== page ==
Culture

Take Aniseed not Antidepressants: battling Arab taboo (III)

Zena Youseph has first-hand experience battling one of the bigger elephants in the Arab room. After accompanying her as she first learned of the Arab mental health taboo in part one of this series, then researched the history of Arab societies’ dealings with the subject in part two, we now join Zena in examining modern approaches to mental health in the Arab world for this final installment of the series…

tracy-le-artwork

Innovative projects and initiatives for therapy in the Middle East are increasingly forcing a change in approach to mental health. Artwork by Tracey Le.

Can Arabs both in the Middle East and the diaspora, forge a new path in our attitude toward mental illness? For a myriad of social, historical and religious reasons (some of which were discussed in Part 2), we appear to have chosen the trajectory of superstition and fear of jinn (supernatural spirits) over the enquiring, rational approach promulgated by Ibn Sina. But how has this trajectory manifested itself in the perception and treatment of mental illness in Arabic communities today?

Given my upbringing as an Australian of Arabic heritage, I could intuit, even at a young age, that mental health was an embarrassingly awkward topic to broach with my family.  I recall being bullied severely as a teenager when I’d just started at a new high school. Not once did I try to discuss this with my parents. I may have been wrong, but I had a strong sense that they didn’t have the parental tools needed to deal with my emotionally turbulent, adolescent self.  No; my parents, hardy survivors of a bloody civil war, did not know how to entertain what they probably saw as fripperies, mere cuffs on the ear.

For the final part of my series, I wanted to know if there were any studies or research done in the topic of mental illness and treatment in the Middle East.

The first study I found was based on an epidemiological survey conducted on 2857 Lebanese adults between 2002 and 2003.

The purpose of the study, conducted by the Institute for Development, Research, Advocacy and Applied Care (IDRAAC), a non-government organisation founded by a team of mental health experts, was to research the prevalence of mental disorders and illnesses among Lebanese citizens. IDRAAC studied 2857 Lebanese citizens who were considered representative of the various demographics and socioeconomic backgrounds within five different provinces across the country as its subjects. Participants were subject to intensive interview using the World Health Organisation (WHO) Composite Interview Diagnostic Interview and the Diagnostic and Statistical Manual of Mental Disorders, 4th Edition (DSM-IV).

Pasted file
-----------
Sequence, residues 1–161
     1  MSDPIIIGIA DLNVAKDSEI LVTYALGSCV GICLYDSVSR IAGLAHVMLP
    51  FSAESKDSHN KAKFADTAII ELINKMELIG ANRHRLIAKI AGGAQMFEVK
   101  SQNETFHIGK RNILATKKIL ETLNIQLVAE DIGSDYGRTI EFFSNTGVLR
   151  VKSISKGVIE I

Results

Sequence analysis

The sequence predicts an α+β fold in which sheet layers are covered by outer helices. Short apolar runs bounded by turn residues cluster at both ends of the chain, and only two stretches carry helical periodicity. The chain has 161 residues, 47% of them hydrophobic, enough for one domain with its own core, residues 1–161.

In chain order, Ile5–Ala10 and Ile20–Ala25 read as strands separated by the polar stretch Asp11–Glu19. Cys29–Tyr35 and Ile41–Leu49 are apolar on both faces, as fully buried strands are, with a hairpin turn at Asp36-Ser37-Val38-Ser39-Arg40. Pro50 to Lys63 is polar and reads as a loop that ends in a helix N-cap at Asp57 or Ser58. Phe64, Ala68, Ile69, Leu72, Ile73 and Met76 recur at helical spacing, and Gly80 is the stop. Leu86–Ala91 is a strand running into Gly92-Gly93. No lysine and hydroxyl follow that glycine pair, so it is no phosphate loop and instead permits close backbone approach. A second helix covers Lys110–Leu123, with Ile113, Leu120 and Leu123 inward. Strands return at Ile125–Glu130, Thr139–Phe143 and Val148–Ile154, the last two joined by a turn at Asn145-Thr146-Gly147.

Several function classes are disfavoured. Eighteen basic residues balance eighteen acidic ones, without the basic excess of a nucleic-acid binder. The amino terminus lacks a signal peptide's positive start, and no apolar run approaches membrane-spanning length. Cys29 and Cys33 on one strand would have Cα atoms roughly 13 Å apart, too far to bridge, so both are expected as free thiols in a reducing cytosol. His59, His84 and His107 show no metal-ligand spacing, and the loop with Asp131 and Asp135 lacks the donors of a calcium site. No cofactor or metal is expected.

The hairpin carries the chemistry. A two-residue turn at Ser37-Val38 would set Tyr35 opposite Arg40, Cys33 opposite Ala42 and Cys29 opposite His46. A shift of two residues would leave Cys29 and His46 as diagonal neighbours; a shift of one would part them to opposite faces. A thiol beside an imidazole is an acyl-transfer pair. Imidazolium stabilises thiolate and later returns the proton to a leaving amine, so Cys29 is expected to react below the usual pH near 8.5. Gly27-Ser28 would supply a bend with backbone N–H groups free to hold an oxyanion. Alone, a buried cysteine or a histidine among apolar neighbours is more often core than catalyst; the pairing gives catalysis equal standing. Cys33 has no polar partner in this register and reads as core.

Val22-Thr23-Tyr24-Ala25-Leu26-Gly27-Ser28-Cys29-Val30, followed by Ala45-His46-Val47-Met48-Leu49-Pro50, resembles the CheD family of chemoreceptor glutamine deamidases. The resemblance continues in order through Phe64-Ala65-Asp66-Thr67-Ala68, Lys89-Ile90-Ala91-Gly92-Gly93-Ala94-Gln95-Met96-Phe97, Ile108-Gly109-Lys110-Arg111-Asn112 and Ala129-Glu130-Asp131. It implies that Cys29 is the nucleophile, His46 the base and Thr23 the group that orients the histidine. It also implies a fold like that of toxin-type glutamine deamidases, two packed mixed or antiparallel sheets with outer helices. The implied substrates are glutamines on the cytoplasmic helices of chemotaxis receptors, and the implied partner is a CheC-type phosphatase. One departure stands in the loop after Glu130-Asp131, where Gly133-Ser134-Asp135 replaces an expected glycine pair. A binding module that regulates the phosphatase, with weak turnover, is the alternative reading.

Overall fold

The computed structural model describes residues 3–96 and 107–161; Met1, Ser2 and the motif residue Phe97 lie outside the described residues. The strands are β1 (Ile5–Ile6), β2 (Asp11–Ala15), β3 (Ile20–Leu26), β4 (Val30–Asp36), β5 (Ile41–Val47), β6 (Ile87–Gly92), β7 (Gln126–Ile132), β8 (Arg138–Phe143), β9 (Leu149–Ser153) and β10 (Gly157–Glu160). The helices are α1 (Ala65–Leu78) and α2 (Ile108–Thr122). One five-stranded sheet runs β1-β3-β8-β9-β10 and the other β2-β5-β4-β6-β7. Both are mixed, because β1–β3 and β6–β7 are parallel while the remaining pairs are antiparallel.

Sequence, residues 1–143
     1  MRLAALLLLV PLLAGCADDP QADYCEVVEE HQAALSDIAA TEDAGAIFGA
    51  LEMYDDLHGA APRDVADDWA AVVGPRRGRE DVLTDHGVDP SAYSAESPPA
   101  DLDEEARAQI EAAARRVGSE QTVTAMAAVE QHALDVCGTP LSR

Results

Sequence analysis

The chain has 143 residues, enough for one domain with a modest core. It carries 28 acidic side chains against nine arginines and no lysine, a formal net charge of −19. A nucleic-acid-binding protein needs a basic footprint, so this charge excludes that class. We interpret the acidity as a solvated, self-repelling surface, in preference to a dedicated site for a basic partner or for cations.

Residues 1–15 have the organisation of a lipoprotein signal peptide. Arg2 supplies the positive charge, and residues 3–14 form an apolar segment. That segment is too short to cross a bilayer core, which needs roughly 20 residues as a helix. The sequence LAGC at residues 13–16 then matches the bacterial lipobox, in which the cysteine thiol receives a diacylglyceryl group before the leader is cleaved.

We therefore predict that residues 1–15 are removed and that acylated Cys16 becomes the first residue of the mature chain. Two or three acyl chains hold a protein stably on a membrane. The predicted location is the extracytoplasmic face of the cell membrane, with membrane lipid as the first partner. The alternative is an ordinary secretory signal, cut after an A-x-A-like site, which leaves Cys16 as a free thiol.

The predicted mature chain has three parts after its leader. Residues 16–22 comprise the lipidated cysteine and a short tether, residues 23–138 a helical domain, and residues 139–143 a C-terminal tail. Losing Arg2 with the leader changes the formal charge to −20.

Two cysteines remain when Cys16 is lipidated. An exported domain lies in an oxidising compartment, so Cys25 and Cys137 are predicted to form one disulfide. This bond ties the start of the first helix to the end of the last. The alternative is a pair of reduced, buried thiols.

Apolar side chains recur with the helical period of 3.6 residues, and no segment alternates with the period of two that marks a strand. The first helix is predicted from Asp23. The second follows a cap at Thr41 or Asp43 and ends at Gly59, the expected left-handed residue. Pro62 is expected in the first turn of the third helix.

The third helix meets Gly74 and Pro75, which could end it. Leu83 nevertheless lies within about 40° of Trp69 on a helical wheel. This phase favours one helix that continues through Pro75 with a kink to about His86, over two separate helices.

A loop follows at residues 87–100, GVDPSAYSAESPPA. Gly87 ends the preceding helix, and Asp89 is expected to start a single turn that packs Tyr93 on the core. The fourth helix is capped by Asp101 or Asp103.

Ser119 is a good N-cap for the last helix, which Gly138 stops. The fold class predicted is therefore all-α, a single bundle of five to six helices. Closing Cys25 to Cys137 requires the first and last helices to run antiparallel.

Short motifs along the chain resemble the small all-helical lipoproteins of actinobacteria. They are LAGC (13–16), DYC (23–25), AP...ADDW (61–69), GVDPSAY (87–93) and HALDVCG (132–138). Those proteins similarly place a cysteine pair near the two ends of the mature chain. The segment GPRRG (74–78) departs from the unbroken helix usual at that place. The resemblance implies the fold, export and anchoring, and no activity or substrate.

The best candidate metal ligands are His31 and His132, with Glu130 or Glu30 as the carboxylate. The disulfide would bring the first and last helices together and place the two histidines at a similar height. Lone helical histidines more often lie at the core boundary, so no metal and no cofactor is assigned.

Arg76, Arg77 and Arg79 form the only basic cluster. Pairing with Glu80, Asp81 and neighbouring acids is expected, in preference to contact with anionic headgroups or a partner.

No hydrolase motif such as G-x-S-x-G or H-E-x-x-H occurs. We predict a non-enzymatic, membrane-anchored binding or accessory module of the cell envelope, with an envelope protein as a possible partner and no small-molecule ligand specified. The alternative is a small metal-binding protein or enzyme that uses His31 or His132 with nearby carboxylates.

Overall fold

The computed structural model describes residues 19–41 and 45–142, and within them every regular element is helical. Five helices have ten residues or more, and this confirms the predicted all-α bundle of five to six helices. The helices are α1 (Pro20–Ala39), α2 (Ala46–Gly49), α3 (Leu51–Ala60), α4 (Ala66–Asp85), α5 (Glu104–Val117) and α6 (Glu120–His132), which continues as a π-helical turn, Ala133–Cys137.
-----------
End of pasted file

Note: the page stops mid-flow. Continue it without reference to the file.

The findings of the The L.E.B.A.N.O.N Study (The Lebanese Evaluation of the Burden of Ailments and Needs of the Nation Study) were first published in 2004, in The Journal of the American Medical Association (JAMA), then in the UK’s The Lancet journal in March 2006. Following the July 2006 war with Israel, the findings were again published, with added insight into the effects of war exposure on metal health, in The PLOS (Public Library of Science) journal. The paper was titled: Lifetime Prevalence of Mental Disorders in Lebanon: First Onset, Treatment, and Exposure to War.”Although the findings of both reports confirmed what I had suspected all along, I was dismayed to find that they painted a bleak picture.

Among the findings were the following statistics:

  1. One in four Lebanese citizens have or have had a mental disorder in the course of their lives.
  2. Mood disorders are two times more likely to occur in females, rather than males. Females that remained unmarried were correlated with higher levels of mood disorders.
  3. Two out of three Lebanese have been exposed to at least one war event in their lives, generally as civilians mired in a war zone or as refugees seeking asylum.
  4. Only one in eight Lebanese diagnosed with a mood disorder had sought treatment within the same year they began to experience the symptoms of their disorder.
  5. Lebanese with drug or other substance addiction issues waited up to nine years before seeking treatment.
  6. Lebanese citizens that were diagnosed with an anxiety disorder could wait up to twenty-eight years before seeking treatment.
  7. Of the Lebanese afflicted with a mental disorder, only one out of ten sought treatment in the form of therapy, counselling or psychiatric help.
  8. Lebanese are among the least likely to seek treatment compared to other countries in which similar studies have been conducted.
  9. After undergoing parenting skills classes run by IDRAAC, the percentage of parents that used physical punishment as a means of disciplining their children dropped from 40% to 6%.